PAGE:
Eventually I called again. A truly cordial Telus helper took some time to determine that the second phone had indeed been returned, then offered to send a free phone. Once again hope rose, battered by circumstance, but not defeated. By and by that phone arrived, a pleasing blue flip phone. There were some tense moments. David couldn’t find any evidence of a hole for the electrical cord. But a cordial Telus helper from the Philippines waited patiently while he removed the plastic stopper. She even agreed to waive the charges for activating the new phone. A little more confusion, a little more anxiety, a few more tries and presto! As if by magic that phone was connected!
Once it was connected, it settled down to prove that it would make and accept calls. It was even willing to call home from Saskatchewan! But that’s not the surprisingly good thing. It was simply the thing we had expected all along.
The surprisingly good thing happened on Remembrance Day when Lawrence was helping me identify some previously unexplored buttons on the new phone. A joint project between Lawrence and me is always a bit of an adventure, given our joint difficulties with reading. I can’t read because I can’t see. He can’t read for other reasons. But he is also a member of the generation that operates electronic devices by intuition. So instruction manuals in his world often go unmolested.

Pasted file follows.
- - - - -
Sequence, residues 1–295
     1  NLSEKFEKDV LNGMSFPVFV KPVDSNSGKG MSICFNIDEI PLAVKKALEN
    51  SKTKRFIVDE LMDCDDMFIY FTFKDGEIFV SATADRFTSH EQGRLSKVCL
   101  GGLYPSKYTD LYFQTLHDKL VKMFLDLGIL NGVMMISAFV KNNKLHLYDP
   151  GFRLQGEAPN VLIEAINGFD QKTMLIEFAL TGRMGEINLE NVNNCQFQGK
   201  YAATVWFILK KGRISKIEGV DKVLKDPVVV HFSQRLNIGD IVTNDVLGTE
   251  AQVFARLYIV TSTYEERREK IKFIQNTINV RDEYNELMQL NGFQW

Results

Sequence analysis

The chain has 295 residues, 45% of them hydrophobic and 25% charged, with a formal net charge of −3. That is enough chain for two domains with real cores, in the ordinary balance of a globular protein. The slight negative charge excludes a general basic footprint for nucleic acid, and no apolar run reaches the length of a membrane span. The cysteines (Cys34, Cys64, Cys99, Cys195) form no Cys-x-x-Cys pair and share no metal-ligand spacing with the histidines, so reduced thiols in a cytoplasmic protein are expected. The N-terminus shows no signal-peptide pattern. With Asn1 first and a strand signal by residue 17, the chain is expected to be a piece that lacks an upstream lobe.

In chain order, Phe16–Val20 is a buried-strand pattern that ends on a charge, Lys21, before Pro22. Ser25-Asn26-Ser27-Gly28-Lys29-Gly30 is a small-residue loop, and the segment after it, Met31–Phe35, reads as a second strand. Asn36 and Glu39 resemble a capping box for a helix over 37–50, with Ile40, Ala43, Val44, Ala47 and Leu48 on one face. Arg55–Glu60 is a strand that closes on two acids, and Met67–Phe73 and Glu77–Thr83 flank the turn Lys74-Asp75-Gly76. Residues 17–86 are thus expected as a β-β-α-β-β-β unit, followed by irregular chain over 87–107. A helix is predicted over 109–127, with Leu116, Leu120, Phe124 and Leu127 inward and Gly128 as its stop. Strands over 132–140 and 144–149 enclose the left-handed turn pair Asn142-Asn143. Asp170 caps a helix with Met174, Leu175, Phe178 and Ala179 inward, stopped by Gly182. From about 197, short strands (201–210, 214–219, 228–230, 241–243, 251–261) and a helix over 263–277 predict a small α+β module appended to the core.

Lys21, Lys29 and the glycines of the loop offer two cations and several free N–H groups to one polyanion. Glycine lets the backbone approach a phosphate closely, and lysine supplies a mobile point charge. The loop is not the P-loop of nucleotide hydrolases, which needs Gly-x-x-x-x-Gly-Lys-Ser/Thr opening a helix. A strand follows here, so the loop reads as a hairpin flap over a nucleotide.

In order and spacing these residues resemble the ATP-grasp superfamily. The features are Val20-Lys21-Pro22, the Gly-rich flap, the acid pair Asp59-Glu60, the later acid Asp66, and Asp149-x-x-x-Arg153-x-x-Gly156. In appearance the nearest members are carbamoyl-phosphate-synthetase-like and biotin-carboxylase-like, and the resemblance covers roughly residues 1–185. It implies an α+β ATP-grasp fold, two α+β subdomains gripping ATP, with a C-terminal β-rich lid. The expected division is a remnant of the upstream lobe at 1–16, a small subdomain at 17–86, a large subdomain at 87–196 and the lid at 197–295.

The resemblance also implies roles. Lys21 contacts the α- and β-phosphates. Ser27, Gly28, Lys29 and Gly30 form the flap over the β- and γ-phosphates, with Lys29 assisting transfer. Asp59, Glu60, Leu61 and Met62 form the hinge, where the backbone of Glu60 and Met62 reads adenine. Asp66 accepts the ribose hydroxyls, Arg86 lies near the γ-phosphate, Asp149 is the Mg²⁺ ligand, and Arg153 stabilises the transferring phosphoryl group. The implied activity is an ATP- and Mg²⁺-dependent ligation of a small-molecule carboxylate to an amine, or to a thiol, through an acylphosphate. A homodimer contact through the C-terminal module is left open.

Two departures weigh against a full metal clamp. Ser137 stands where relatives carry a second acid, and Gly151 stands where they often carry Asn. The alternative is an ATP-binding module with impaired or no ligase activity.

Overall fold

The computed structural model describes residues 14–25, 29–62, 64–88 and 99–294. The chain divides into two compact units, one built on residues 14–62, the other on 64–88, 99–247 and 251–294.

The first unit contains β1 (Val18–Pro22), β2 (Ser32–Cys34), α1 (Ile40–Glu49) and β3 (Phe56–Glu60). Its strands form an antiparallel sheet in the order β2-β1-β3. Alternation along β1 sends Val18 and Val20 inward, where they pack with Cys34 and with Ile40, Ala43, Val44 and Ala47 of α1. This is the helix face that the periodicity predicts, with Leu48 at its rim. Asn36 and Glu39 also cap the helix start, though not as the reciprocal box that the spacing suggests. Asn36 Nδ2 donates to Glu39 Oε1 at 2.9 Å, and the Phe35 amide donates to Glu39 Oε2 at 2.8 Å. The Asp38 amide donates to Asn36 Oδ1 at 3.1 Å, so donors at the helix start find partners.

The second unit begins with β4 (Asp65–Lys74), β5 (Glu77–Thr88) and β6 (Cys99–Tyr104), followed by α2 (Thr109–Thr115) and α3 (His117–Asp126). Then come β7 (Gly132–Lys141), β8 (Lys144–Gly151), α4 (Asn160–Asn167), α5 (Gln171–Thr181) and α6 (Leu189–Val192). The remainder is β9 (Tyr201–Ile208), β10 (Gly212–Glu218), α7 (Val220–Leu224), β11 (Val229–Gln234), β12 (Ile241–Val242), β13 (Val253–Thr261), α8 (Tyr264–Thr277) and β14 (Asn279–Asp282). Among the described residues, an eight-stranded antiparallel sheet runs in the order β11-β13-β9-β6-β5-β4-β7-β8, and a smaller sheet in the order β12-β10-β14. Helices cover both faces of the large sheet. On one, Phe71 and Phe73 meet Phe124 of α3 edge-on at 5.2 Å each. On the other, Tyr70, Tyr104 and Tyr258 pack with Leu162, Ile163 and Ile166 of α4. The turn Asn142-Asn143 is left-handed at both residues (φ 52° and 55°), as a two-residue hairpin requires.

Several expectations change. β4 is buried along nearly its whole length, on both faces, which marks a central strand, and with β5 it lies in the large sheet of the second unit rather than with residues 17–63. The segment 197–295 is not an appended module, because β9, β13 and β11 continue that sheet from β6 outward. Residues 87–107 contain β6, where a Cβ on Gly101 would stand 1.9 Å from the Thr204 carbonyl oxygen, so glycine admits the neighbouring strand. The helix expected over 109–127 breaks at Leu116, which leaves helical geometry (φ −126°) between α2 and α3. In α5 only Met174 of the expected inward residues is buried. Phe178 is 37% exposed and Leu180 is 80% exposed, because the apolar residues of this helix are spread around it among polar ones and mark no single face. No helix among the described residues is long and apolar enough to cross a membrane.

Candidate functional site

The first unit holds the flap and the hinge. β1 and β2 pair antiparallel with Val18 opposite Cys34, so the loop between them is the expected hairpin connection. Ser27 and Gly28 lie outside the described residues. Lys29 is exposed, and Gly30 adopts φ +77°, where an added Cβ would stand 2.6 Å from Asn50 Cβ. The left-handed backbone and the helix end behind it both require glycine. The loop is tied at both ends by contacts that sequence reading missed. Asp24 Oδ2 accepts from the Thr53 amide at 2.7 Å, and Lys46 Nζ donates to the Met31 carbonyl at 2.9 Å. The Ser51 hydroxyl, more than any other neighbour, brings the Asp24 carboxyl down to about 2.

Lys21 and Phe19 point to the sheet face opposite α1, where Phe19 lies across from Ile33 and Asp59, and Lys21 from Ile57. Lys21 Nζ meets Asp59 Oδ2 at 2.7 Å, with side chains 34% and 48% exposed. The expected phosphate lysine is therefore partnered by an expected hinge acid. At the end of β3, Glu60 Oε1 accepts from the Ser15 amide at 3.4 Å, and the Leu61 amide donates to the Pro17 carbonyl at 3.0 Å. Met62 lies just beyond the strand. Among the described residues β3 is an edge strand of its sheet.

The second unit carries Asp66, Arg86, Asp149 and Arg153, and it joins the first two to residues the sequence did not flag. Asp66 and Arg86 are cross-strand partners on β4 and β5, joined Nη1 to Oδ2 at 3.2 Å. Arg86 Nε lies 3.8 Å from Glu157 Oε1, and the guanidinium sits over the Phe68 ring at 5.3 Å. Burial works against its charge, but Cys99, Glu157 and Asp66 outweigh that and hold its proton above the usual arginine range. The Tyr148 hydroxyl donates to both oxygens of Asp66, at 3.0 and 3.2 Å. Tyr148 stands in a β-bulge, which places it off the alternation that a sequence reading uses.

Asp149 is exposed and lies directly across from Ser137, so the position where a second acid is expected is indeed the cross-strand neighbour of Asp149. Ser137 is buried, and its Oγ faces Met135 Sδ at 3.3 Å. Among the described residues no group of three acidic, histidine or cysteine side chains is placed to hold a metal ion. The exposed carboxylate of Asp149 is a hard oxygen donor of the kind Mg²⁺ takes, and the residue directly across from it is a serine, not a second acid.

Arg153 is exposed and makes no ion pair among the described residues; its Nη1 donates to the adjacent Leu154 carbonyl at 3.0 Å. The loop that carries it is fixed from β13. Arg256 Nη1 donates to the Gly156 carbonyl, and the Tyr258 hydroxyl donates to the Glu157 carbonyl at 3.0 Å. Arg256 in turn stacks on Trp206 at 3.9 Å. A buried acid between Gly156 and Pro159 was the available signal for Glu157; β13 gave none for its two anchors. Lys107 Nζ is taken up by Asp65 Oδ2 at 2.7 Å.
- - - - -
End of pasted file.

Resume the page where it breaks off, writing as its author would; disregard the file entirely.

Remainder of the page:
Ours was a process of trial and error. We were pushing buttons and he was coaching when, suddenly that phone said something. I stopped. I listened. It sounded like English, clear English, much clearer than the English spoken by the Telus helpers.
“What did she say?” I asked.
“Push the button again,” Lawrence said reasonably. I pushed the button again.
“Please say a command,” she said.
Well, as you can probably imagine, I was more than a little flustered. No more flustered would I have been if a geni had popped out of my bottle of Worcestershire sauce. Not only was this phone talking directly to me, but she was asking, no—begging me to command her. Then and there I decided to call her Mary. It was clear that we would be having a relationship, more than your ordinary person-to-machine relationship.
I’ll admit that I couldn’t think of a thing to say to Mary. I’m always a little shy around strangers, a little bit prone to saying whatever comes into my head and regretting it later. So I said a thing that must have been lurking down deep in my subconscious. I said, “Clean up the kitchen.”
Lawrence laughed. Mary said, “Command not recognized. Please try again.”